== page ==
Health services need to promote shared decision making so people feel confident and empowered to be active in decisions about their care.
- Why we need to build patient awareness
- The Ask Three Questions approach
- Key actions to build patient awareness
Patients often go into a consultation expecting that their clinician will make the decision about what treatment they should have, and they do not feel confident or empowered to be involved. For many people, playing an active part in decisions about their own care means changing the way they approach the consultation.
These changes in patients’ expectations and behaviours don’t just happen.
- Active encouragement and an expectation that they will have the opportunity to participate in shared decision making in their consultations.
- 'Permission' to become more involved in discussions and decisions about their care and treatment.
- Clear and strong messages from their clinicians inviting them to become involved, which are reinforced by organisational support.
- Clinicians who are prepared to be flexible and have the awareness, knowledge and skills to deliver effective shared decision making.
- Appropriate time, either in or outside, the consultation to consider options.
A good first step is to build their awareness about playing a more active role in decisions about their care. This means providing information and materials which:
- Set out what is meant by ‘shared decision making’.
- Explain the benefits of shared decision making.
- Give people ‘permission’ and encourage them to play an active role in decisions about their own care.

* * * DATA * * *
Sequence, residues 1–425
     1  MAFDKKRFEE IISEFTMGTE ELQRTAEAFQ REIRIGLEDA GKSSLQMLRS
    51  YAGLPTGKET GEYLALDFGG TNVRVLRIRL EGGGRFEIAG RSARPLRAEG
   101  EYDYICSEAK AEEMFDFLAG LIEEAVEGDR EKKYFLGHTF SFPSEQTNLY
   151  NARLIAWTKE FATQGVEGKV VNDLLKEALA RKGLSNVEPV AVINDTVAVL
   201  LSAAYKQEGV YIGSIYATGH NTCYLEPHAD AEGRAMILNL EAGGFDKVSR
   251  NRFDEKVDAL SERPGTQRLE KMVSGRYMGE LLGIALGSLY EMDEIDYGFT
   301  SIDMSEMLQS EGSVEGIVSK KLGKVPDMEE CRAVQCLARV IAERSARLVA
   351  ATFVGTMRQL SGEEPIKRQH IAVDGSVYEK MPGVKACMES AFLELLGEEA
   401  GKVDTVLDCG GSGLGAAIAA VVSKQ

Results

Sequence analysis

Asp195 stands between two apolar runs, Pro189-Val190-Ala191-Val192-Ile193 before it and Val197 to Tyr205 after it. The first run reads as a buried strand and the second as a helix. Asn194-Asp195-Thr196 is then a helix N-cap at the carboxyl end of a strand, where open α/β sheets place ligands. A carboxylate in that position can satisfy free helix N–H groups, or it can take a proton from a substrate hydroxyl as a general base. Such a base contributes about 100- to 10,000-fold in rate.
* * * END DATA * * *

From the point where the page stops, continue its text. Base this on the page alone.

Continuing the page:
- Give people some clear ideas of questions they can ask and how they can become more involved in decision about their own care.
The Ask 3 Questions approach is increasingly being adopted by a wide range of healthcare organisations to encourage and empower people. The approach is based on research by Shepherd et al. showing that encouraging patients to ask three simple questions leads clinicians to provide higher quality information about options and their benefits and harms.
Different organisations have tailored the materials according to local circumstances and use variations on the three questions, but they are in essence:
- What are my options?
- What are the possible benefits and risks of those options?
- How likely are the possible benefits and risks of each option to occur?
The invitation to Ask 3 Questions has been promoted in a wide range of ways and using a variety of materials such as posters, flyers, business cards, and even a short film, to raise patient awareness.
This video was developed as part of the Health Foundation's MAGIC Programme encouraging patients to 'just ask'. Hear more Patients, GPs, Commissioners and Nurses talk about Person-centred care on our web app.
The approach and materials can be tailored to be used at a number levels. It can be used across healthcare organisations such as Trusts or Health Boards, across healthcare settings such as hospitals and community services, and by individual clinical teams or within GP practices. It can be promoted beyond health services, through voluntary and community organisations.
- Start early and spend time planning and preparing your patient activation / involvement campaign.
- Plan at several levels – population, organisational, clinical service, local practice level.
- Use patient feedback methods to test and amend your awareness-raising materials.
- Test the measurement methods you plan to use with patients to ensure that any additional burden at the point of use (e.g. post clinic surveys) adds value.
- Be sure that you know where you have started from with patient mobilisation so you can measure progress.
- Listen to the groups you are trying to engage (e.g. through holding focus groups) – their points may be valuable and not a sign of resistance
- Involve external voluntary and community groups, such as the local diabetes support group or Expert Patient Programme, by providing awareness raising/training sessions to increase their ability to use shared decision making in their own environment and to prepare them to roll out information and materials to clients and at public meetings.